But, as per usual, the biggest fight remains with the budget.  The Governor’s budgeting forecast shows a stabilization and an elimination of the structural deficit. So, hooray for that I suppose. However, under Prop 98, the education system is still owed billions, which he is looking to repay, plus billions of dollars remain on the state’s credit cards in the form of outstanding bond debt. There is no reason whatsoever to rush to repay any bonds, but the picture is neither as dire as some would paint it, nor as rosy as others would have you believe.

The fact remains that we have slashed social services below functioning levels. And the Governor has said that he has no plans to restore the funding to levels that could actually provide the intended services:

Brown said he is unwilling to restore funding for social service programs that have been cut during the recession. “That kind of yo-yo political economy is not good,” he said. “I want to advance the progressive agenda, but consistent with the amount of money the people made available.”

The spending plan Brown released this morning calls for small increases to education funding in a $97.7 billion general fund budget for the fiscal year that begins July 1 but generally holds the line elsewhere.(SacBee)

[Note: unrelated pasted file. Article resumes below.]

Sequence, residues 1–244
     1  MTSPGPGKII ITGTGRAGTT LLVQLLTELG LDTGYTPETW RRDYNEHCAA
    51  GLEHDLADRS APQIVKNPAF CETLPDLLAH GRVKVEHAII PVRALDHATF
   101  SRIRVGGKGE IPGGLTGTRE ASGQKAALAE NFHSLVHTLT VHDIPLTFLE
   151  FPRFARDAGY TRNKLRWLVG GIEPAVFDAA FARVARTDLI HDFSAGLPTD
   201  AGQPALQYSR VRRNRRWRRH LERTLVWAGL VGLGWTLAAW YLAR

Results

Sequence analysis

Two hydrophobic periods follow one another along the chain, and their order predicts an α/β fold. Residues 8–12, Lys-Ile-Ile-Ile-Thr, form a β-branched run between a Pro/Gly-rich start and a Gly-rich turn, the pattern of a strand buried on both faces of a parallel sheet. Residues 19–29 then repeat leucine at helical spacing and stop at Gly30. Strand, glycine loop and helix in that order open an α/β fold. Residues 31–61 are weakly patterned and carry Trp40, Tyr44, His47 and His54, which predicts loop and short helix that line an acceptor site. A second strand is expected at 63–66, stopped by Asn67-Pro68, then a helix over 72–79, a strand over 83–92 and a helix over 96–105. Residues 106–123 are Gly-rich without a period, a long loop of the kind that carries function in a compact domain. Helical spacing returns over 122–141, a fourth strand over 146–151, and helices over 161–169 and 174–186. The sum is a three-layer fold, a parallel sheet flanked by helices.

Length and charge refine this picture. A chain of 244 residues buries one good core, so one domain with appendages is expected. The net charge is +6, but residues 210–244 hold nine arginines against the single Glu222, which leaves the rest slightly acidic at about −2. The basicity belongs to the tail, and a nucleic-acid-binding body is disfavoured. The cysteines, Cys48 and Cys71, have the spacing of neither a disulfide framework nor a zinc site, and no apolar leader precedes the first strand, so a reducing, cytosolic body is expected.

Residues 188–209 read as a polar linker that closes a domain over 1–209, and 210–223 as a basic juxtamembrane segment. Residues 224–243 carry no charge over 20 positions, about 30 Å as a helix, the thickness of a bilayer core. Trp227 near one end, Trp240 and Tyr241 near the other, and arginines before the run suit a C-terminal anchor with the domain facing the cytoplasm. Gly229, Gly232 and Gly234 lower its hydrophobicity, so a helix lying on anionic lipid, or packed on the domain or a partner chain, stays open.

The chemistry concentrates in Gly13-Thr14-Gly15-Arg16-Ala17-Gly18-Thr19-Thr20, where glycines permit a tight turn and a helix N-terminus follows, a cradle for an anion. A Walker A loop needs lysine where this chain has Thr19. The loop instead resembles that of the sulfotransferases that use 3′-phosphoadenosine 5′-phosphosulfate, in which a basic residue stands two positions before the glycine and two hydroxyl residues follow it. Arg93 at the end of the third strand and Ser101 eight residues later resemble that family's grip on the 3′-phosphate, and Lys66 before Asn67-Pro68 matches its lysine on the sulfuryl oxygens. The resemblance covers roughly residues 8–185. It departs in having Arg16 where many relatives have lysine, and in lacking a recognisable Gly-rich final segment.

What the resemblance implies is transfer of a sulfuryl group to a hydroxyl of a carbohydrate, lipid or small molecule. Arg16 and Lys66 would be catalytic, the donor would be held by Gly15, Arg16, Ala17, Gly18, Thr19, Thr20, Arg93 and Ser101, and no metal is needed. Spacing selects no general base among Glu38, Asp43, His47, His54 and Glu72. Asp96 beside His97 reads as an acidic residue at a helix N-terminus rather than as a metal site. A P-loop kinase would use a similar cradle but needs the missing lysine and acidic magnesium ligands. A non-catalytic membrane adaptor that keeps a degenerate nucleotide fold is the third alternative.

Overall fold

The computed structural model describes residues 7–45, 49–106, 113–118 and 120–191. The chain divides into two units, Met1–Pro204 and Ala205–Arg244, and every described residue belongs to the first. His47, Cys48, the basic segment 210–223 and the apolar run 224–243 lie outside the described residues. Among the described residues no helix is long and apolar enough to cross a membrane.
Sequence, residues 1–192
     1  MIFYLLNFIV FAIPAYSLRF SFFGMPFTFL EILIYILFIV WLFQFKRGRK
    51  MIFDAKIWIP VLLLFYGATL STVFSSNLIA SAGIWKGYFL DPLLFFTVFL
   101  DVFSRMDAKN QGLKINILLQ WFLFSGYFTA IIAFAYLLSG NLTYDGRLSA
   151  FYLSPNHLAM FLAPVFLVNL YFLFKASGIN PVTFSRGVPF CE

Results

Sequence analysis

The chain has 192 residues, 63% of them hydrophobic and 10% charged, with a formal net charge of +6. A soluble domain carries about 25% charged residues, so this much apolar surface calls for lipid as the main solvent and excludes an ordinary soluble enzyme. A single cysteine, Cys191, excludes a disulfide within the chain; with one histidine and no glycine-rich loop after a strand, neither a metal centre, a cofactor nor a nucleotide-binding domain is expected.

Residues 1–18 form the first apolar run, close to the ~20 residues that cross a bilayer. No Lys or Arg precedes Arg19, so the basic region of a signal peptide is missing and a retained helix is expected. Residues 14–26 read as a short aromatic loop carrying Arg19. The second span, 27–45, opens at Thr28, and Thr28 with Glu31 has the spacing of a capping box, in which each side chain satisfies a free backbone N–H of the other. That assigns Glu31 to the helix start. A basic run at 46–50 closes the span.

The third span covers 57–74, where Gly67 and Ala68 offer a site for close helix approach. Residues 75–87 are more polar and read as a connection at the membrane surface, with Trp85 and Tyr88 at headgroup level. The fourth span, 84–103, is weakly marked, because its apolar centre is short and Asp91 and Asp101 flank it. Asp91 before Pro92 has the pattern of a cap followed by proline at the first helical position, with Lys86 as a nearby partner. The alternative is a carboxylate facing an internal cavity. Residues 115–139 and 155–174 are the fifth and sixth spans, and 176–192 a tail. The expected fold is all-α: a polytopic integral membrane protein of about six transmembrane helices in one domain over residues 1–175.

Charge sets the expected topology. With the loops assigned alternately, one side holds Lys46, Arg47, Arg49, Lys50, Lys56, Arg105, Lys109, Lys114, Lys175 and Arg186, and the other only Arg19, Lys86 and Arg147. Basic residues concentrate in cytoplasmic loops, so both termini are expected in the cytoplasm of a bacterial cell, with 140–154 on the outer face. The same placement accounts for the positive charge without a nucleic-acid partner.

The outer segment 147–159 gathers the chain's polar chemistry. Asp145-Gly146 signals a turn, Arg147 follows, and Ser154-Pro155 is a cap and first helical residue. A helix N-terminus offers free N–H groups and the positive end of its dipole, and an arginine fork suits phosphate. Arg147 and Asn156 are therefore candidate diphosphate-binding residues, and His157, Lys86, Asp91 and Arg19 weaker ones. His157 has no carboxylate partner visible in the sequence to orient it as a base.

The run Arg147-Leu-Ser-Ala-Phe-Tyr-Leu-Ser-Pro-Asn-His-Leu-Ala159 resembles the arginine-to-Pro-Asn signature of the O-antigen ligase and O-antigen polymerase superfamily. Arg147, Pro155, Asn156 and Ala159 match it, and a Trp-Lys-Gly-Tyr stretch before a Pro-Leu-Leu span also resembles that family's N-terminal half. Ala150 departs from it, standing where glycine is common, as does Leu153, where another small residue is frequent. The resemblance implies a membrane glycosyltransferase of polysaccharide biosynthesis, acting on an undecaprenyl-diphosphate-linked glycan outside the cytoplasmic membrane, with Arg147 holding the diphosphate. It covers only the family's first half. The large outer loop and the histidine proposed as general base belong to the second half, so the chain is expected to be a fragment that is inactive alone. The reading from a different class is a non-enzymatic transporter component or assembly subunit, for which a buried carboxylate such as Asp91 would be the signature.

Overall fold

I get the whole “let’s not go back into debt” thing. It makes perfect sense, but there must be a balance between growth and deficit reduction. As in the rest of the nation, and world, really, job growth is still slow. (Hey, don’t I know it! Anybody need a lawyer/policy analyst/political consultant?)

We need to ensure that the state government doesn’t continue to be one of the 50 Little Hoovers, especially when federal stimulus has pretty much dried up. State government still exists to provide services to its citizens, and a functioning state government, a growing economy must both be balanced against budget stabilization.

Democratic Supermajority Achieved: Let’s Chat Tomorrow

PhotobucketChris Norby concedes tightest Assembly race – photo credit: Chris Prevatt

by Brian Leubitz

With the concession of Chris Norby to Sharon Quirk-Silva, the Democratic supermajority in the Assembly was finalized. The Democrats will hold 54 of the 80 seats there. In the Senate, the situation is slightly more confusing. Senator Juan Vargas was elected to replace Rep. Bob Filner in Congress, so we’re looking at a special election in that Dem-leaning district.

That being said, what does the supermajority mean? Robert had a great take on the situation earlier this week. Tomorrow, I’ll discuss the supermajority on KALW’s Your Call radio. You can listen online here or tune in to 91.7 in San Francisco, or KUSP (88.9) in Santa Cruz.

A Few Bills of Note: Youth Sentencing, regulating slates

With the deadline approaching, the fight is on.

by Brian Leubitz

With the deadline to get bills to the Governor rapidly approaching, there aree a few bills that are worthy of mention. First, a bill allowing judges to consider the rehabilitation of some convicted criminals with life sentences in a new resentencing procedure: